In this Blog on some of the many queries received from our clients through our Ask Teal Service, we look at the most popular question we’ve had on how to deal with meeting your CDD obligations during a lockdown period.
We are in unprecedented times and it’s unlikely you’ll be able to obtain certified copy documents from the majority of clients as they will struggle to deal with this during a period of restricted movement or total lockdown. It’s worth remembering that the CDD documents we collect are not used purely for anti-money laundering purposes but also to satisfy other requirements such as those set by UK Finance (i.e. where a client purchases a property with a mortgage, you’re required by the UK Finance Handbook to see an original document and keep a copy of it) and also to identify fraudulent transactions.
With any instructions you receive from new clients not previously known to you, it’s unlikely you’ll be able to meet your clients face-to-face in the short term to check their identification documents. Usually this would lead you to having to seek enhanced due diligence. However, bear in mind that for one of the highest (and busiest) risk areas for AML purposes, property transactions, that it’s unlikely that any matters will be able to complete in the near future given the lockdown. Indeed, on 26 March the government issued guidance for buying and selling residential properties.
Should you wish to progress a matter in the meantime, you could consider using consider electronic verification services – something that many firms already use as part of their processes. Whilst UK Finance has not yet provided guidance on whether electronic verification may be used to satisfy their requirements, we understand that a number of law firms have spoken with them to see whether they will allow firms to obtain copy documents and then use electronic techniques to verify their authenticity. We recommend speaking with UK Finance and also with individual lenders to clarify whether they’ll permit this form of CDD during this period.
Commonly, we see firms using EVS running a two track approach: they still obtain documents from clients and then use their EVS to validate those documents. EVS generally:
1) check against data that they hold (usually credit reference agency files and other data such as electoral roll registers) to verify whether clients actually exist,
2) on most EVS you can use their functionality to authenticate your documents by checking algorithms contained on documents provided to you (for example, those you find on a passport or driving licence).This can be a much more robust check than reviewing original documents yourself, as it can often be difficult to spot a fake.
You can also hold a virtual call (for example using Skype or Zoom) with your client to check the picture contained within the document, if they have the facilities to do so. Firms then run the document through their EVS.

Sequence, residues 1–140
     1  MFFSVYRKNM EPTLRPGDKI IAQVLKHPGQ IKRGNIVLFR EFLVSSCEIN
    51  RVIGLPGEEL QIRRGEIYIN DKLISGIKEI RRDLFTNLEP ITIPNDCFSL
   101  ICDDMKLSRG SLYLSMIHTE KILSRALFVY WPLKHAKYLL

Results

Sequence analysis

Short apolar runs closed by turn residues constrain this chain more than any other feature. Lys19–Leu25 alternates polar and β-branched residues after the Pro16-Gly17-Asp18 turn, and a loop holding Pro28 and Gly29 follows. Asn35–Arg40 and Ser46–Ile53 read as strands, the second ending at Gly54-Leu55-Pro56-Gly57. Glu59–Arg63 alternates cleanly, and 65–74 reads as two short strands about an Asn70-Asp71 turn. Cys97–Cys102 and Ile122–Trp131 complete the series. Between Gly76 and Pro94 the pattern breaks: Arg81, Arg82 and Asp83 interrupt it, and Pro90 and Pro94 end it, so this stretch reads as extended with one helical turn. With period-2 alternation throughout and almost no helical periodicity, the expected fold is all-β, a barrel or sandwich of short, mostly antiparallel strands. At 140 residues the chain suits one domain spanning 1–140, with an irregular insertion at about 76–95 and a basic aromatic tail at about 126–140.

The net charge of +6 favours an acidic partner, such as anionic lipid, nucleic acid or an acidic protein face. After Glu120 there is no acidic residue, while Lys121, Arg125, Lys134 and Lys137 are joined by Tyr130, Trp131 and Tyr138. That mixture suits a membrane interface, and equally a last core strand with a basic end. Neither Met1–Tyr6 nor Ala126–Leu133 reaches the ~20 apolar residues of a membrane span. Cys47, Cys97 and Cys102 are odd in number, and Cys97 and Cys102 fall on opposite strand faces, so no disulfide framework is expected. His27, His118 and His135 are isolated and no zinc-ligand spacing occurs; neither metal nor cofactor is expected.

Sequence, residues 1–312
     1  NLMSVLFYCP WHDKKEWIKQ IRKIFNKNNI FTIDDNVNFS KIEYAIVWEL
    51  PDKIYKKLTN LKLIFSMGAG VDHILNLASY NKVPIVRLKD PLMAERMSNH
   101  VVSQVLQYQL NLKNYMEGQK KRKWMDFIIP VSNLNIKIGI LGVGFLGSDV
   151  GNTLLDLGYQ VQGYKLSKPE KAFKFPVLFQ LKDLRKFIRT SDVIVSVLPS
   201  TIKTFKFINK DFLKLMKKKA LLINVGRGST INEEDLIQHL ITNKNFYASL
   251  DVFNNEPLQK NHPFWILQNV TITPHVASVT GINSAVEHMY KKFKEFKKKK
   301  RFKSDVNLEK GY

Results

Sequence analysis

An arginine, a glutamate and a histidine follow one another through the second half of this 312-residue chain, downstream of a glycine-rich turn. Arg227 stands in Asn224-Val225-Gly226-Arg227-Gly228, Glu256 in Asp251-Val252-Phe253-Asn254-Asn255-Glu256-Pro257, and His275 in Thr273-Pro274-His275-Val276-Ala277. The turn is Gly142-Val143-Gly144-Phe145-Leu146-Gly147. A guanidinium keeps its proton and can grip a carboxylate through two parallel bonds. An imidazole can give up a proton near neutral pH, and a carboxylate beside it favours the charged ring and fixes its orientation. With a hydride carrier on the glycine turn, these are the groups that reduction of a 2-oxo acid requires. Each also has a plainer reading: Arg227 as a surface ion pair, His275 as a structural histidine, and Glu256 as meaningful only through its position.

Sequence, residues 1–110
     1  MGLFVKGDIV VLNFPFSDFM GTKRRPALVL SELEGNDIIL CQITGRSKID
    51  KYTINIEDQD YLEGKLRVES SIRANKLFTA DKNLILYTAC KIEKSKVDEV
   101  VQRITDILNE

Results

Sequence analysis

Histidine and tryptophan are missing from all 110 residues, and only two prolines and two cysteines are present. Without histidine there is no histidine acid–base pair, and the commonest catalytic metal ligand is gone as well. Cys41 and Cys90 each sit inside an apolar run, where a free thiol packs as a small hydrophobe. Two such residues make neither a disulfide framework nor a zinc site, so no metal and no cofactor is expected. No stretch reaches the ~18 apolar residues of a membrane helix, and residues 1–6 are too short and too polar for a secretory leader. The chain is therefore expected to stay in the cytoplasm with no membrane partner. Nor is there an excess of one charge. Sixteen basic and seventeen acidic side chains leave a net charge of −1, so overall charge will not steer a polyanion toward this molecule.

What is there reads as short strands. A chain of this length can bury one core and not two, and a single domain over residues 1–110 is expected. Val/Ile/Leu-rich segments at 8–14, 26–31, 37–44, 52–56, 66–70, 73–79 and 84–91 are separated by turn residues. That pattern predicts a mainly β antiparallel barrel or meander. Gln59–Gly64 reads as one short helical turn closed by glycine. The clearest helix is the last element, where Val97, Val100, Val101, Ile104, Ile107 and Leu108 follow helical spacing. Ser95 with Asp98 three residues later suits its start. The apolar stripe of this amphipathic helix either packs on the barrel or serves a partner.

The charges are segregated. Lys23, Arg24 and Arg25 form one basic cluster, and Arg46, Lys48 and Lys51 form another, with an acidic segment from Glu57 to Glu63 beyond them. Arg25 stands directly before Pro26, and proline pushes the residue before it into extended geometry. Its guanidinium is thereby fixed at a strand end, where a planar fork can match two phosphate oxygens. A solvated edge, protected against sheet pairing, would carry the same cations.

Shazia Zamir of Team Teal has recently written a blog on EVS, where she takes us through the different types of services available and gives an overview of their “pros and cons” (https://www.tealcompliance.com/single-post/2020/02/02/The-benefits-of-Electronic-Verification).
Using CDD in this way was envisaged by the Fifth Money Laundering Directive. The 2019 version of the Money Laundering Regulations state that where you have an electronic verification which is protected from fraud and misuse (i.e. by authenticating the document), then you may use that for verifying a client – and the risk of the client being non face-to-face and the need to undertake EDD falls away, provided you know that your client has had the document authenticated.
However, if you feel these processes aren’t as robust as your current procedures, remember these are only temporary measures for you to consider. If you decide to depart from your usual Policy, we recommend that you prepare a Policy Addendum detailing the changes. It’s open to you to carve out any types of work where you do not wish any new measures to be deployed.
The SRA has now issued guidance on CDD issues arising due the epidemic. They have pointed out that Rule 8.1 of the Code of Conduct for Solicitors (Rule 7.1 of the Code of Conduct for Firms applies this Rule equally to firms) says you must identify who you are acting for, but that this is not prescriptive and up to you to determine what is necessary. They go on to state that you have discretion to put together a risk-profile for work and appropriate requirements. They acknowledge that face-to-face contact is not necessarily required and you may consider using other means, giving examples such as email, telephone and virtual appointments, whilst highlighting that you should ensure that you comply with the CDD requirements in the Money Laundering Regulations.
The SRA also discusses whether electronic verification is sufficient for EDD purposes, stating that it may be enough, provided that the service provider uses multiple sources of data in the verification process. They also point out that e-verification only confirms that someone exists and not that your client is who they say they are, so that if there is anything to suggest that they aren’t, you will need to do further EDD.
For full details see: https://www.sra.org.uk/sra/news/coronavirus-qa